Fibrogenic Reactions in Lung Disease
Division of Respiratory Disease, Department of Internal Medicine, Jikei University School of Medicine, Tokyo 105-8461, Japan. Annual Review of Pathology Mechanisms of Disease
(Impact Factor: 18.75).
02/2010; 5(1):77-98. DOI: 10.1146/annurev.pathol.4.110807.092217
Fibrogenic lung reactions occur as a common phenotype shared among disorders of heterogeneous etiologies. Even with a common etiology, the extent and pattern of fibrosis vary greatly among individuals, even within families, suggesting complex gene-environment interactions. The search for mechanisms shared among all fibrotic lung diseases would represent a major advance in the identification of therapeutic targets that could have a broad impact on lung health. Although it is difficult to grasp all of the complexities of the varied cell types and cytokine networks involved in lung fibrogenic responses, and to predict the biologic responses to the overexpression or deficiency of individual cytokines, a large body of evidence converges on a single common theme: the central importance of the transforming growth factor beta (TGF-beta) pathway. Therapies that act upstream or downstream of TGF-beta activation have the therapeutic potential to treat all fibrogenic responses in the lung.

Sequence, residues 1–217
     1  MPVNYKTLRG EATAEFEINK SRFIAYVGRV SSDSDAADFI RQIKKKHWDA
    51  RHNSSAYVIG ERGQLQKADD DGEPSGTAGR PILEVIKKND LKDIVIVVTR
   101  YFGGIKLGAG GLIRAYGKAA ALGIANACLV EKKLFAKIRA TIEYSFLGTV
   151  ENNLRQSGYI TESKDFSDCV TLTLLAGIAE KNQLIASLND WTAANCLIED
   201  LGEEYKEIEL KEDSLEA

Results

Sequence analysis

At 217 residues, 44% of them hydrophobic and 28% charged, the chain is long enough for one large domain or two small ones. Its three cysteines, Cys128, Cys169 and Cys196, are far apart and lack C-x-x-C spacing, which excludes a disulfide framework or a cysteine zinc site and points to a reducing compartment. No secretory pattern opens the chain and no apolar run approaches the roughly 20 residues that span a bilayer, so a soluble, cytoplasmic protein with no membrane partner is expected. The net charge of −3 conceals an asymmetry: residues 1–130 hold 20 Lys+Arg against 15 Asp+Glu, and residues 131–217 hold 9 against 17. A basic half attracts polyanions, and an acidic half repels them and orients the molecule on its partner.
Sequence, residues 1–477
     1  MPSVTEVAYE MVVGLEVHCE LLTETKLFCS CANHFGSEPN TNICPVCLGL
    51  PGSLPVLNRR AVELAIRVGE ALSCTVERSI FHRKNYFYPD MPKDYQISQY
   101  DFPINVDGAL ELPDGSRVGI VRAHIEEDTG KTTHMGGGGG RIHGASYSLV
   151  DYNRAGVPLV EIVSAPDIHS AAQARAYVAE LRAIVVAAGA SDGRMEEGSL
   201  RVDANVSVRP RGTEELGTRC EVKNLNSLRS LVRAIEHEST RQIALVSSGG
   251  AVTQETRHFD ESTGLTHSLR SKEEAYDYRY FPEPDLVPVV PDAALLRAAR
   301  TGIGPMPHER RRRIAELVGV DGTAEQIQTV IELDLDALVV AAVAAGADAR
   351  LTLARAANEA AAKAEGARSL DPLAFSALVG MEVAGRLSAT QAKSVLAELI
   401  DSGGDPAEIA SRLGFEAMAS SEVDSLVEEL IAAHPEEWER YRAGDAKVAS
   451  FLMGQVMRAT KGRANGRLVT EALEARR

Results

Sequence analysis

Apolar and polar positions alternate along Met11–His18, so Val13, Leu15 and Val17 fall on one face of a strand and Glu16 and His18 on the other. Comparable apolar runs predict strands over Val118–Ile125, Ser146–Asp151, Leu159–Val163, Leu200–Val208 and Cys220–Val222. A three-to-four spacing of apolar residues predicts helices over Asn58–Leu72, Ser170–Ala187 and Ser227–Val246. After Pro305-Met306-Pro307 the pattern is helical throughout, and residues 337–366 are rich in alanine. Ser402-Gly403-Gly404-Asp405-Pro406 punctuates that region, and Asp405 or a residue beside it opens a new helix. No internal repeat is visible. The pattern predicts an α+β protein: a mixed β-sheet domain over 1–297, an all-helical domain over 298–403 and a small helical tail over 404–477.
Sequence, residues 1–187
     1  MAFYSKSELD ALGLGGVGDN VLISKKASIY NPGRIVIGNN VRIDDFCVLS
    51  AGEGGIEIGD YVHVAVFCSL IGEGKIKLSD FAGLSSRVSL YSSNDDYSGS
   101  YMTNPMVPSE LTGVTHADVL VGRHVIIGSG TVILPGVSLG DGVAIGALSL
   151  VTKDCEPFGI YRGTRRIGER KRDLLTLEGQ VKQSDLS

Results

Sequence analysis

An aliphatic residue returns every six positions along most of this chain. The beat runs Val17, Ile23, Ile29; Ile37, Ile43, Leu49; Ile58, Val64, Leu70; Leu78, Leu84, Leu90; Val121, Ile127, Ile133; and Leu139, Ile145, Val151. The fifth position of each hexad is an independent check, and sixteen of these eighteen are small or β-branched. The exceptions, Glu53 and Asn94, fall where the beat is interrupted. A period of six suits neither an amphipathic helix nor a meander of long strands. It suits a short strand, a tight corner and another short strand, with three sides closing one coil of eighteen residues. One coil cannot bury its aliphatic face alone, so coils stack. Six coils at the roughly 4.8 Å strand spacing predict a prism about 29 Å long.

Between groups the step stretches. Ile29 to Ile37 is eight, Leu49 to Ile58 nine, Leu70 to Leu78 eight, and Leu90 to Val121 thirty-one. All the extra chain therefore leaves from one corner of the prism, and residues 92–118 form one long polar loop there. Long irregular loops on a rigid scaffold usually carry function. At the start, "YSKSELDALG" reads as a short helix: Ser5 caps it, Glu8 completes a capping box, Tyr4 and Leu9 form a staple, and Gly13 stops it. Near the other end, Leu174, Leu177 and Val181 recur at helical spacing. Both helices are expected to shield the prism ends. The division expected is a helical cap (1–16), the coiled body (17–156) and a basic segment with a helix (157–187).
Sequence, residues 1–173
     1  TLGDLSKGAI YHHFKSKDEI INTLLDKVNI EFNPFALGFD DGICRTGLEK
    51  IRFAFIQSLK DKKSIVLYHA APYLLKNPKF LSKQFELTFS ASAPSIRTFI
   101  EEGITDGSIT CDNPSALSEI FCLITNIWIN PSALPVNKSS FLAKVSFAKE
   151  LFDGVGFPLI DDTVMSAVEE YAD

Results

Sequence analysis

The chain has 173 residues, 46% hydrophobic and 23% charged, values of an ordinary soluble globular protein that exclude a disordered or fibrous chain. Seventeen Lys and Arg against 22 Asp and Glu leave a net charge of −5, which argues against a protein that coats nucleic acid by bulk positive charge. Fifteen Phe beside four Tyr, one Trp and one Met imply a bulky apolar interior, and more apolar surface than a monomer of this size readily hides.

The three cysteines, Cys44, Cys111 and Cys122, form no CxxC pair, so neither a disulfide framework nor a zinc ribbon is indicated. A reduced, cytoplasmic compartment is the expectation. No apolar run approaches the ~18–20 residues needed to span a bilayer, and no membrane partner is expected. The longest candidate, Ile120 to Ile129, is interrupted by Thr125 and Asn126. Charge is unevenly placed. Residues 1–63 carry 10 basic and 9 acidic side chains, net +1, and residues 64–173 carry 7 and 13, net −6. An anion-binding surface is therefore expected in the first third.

Available from: Bart G J Dekkers
- "Although this review will focus on novel targets for anti-fibrotic therapy, many of these targets mediate their effects by modulating the synthesis or activation of the potent pro-fibrotic cytokine TGFb. TGFb is a member of the TGFb superfamily, a highly conserved group of cytokines of which there are three mammalian isoforms (TGFb1, b2 and b3), with the role of TGFb1 in pulmonary fibrosis being the best characterized   . TGFb1 is a ubiquitously expressed pleiotropic cytokine which has profound effects on epithelial cells, airway smooth muscle cells and fibroblasts, all of which play a key role in the development of fibrosis within the lung. "
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ABSTRACT: Within the lungs, fibrosis can affect both the parenchyma and the airways. Fibrosis is a hallmark pathological change in the parenchyma in patients with idiopathic pulmonary fibrosis (IPF), whilst in asthma or chronic obstructive pulmonary disease (COPD) fibrosis is a component of the remodelling of the airways. In the past decade, significant advances have been made in understanding the disease behaviour and pathogenesis of parenchymal and airway fibrosis and as a result a variety of novel therapeutic targets for slowing or preventing progression of these fibrotic changes have been identified. This review highlights a number of these targets and discusses the potential for treating parenchymal or airway fibrosis through these mediators/pathways in the future.
Available from: Olivier Durupthy
- "However, the data here did not indicate any myofibroblastic differentiation. These findings could be explained by the absence of TGF-ß production in NP-exposed macrophage supernatant, as TGF-ß is the main cytokine involved in fibroblasts differentiation . Moreover, one can’t rule out the influence of kinetic aspects of our experimental set-up, where macrophages were exposed for 48 hours, leading to a M1-like pro-inflammatory phenotype, without the possibility of developing a later M2 phenotype, where macrophages could act as the primary effectors of later stages of repair and/or later proliferative and remodeling phases. "